The razor and blade strategy just got a bit more complicated.
Associated with King Gillette (King was really his first name), it referred to cheap razors and expensive blades. When it works, you sell your product as a loss leader and then make money on its complements.
HP’s Razor and Blade Time Bomb
With printers and ink cartridges, razor and blade was a natural. HP sold an inkjet printer that needed cartridge refills. So it only had to underprice the printer and overprice the ink.
The problems began when third party cartridge makers entered the market.
Responding, HP orchestrated a “sneak attack.” The first step was a March 2015 firmware update. Unbeknownst to recipients, it was programmed to release a DRM (digital rights management) time bomb six months later. On September 13 customers using third party ink cartridges started getting error messages like “other cartridges may not function” or “damaged.” Their only alternative was one made by HP or one of their licensed producers.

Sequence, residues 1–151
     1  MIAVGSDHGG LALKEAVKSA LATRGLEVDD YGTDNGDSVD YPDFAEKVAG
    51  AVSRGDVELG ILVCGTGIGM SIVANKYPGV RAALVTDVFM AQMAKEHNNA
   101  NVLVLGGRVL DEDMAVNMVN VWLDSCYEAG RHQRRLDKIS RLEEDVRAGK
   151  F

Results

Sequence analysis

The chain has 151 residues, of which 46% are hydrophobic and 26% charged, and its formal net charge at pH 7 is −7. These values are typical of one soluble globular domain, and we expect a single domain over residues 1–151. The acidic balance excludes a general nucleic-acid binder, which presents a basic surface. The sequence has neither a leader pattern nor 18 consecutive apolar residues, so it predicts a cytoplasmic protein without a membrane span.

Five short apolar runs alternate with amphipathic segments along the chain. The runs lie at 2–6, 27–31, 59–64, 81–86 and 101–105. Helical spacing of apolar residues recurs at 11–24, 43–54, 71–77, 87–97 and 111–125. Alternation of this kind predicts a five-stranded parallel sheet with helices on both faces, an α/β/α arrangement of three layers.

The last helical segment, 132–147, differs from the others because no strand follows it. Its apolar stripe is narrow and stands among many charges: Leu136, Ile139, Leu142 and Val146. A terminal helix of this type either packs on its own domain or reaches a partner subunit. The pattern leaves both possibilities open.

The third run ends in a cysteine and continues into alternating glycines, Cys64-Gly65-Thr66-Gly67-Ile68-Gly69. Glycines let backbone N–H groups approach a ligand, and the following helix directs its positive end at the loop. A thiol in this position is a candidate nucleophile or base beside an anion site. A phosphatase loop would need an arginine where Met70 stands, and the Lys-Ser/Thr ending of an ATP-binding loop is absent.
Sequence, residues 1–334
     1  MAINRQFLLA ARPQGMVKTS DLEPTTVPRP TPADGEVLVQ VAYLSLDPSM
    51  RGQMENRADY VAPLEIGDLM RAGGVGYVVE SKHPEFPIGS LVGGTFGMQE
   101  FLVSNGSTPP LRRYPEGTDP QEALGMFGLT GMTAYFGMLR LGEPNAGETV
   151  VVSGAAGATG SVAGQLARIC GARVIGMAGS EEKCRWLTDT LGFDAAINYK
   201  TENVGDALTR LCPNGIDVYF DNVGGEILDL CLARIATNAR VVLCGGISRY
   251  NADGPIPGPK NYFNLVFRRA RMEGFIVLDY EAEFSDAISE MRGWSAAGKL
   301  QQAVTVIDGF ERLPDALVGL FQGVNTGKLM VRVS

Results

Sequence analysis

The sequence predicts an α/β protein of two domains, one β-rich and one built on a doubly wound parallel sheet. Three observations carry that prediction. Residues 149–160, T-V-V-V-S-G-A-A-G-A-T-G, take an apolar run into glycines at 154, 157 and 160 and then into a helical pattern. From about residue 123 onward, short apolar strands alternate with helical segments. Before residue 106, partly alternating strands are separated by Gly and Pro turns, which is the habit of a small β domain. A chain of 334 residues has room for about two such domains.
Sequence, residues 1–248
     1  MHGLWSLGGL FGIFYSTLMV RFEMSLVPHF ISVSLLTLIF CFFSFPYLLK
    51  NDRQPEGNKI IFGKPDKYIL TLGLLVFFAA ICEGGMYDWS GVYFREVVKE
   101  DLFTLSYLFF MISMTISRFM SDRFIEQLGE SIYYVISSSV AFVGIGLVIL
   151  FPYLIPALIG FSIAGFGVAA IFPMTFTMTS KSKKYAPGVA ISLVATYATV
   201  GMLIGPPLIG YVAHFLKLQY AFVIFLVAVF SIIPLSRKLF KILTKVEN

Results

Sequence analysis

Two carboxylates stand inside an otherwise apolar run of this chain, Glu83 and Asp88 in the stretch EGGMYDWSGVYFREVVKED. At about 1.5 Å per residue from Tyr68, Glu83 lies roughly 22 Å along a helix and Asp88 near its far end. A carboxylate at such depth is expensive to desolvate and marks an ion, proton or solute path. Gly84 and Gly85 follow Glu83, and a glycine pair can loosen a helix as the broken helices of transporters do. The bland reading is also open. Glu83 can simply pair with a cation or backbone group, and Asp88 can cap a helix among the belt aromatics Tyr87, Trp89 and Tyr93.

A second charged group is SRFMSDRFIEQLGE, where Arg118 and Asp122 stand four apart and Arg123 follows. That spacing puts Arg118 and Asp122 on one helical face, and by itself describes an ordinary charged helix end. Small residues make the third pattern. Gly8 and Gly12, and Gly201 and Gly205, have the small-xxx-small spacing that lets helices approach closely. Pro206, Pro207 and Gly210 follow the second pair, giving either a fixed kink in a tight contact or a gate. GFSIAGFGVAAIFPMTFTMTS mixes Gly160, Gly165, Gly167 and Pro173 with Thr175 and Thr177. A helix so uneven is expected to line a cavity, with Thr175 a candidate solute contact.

When customers expressed their anger, HP said quality and safety were their goal. Only their ink, they (had previously) said, could best withstand 300º temperatures, endure high speed squirts and drip at the right rate.
But still, they were making a DRM reversal available.
Our Bottom Line: Complementary Goods
The razor and blade strategy is all about creating more demand for a product.
First, by lowering the price for one item, you increase the quantity demanded:
Then, when you sell more printers, you need more inkjet cartridges: